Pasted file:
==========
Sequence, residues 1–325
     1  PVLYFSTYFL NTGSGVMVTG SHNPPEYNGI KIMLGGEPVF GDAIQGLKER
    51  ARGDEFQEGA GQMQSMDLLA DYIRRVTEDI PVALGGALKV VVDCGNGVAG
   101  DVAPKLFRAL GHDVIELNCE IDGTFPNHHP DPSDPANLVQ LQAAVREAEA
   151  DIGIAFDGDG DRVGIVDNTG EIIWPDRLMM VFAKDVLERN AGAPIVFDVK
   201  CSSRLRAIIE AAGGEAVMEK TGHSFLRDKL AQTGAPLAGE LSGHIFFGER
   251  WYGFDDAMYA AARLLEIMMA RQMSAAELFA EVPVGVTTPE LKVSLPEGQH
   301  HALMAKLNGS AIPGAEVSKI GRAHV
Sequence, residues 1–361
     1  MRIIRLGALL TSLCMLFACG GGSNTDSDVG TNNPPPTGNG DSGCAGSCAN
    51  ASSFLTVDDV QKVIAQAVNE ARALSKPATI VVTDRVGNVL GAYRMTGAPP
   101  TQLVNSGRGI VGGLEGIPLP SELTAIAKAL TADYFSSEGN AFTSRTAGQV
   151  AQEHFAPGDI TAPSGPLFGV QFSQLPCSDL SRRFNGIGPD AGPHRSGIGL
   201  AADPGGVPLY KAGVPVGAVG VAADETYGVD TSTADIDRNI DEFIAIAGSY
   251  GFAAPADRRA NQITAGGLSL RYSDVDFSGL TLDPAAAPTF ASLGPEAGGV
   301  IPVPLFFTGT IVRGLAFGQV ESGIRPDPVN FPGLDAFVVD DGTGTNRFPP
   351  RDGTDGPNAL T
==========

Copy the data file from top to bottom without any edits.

Sequence, residues 1–325
     1  PVLYFSTYFL NTGSGVMVTG SHNPPEYNGI KIMLGGEPVF GDAIQGLKER
    51  ARGDEFQEGA GQMQSMDLLA DYIRRVTEDI PVALGGALKV VVDCGNGVAG
   101  DVAPKLFRAL GHDVIELNCE IDGTFPNHHP DPSDPANLVQ LQAAVREAEA
   151  DIGIAFDGDG DRVGIVDNTG EIIWPDRLMM VFAKDVLERN AGAPIVFDVK
   201  CSSRLRAIIE AAGGEAVMEK TGHSFLRDKL AQTGAPLAGE LSGHIFFGER
   251  WYGFDDAMYA AARLLEIMMA RQMSAAELFA EVPVGVTTPE LKVSLPEGQH
   301  HALMAKLNGS AIPGAEVSKI GRAHV
Sequence, residues 1–361
     1  MRIIRLGALL TSLCMLFACG GGSNTDSDVG TNNPPPTGNG DSGCAGSCAN
    51  ASSFLTVDDV QKVIAQAVNE ARALSKPATI VVTDRVGNVL GAYRMTGAPP
   101  TQLVNSGRGI VGGLEGIPLP SELTAIAKAL TADYFSSEGN AFTSRTAGQV
   151  AQEHFAPGDI TAPSGPLFGV QFSQLPCSDL SRRFNGIGPD AGPHRSGIGL
   201  AADPGGVPLY KAGVPVGAVG VAADETYGVD TSTADIDRNI DEFIAIAGSY
   251  GFAAPADRRA NQITAGGLSL RYSDVDFSGL TLDPAAAPTF ASLGPEAGGV
   301  IPVPLFFTGT IVRGLAFGQV ESGIRPDPVN FPGLDAFVVD DGTGTNRFPP
   351  RDGTDGPNAL T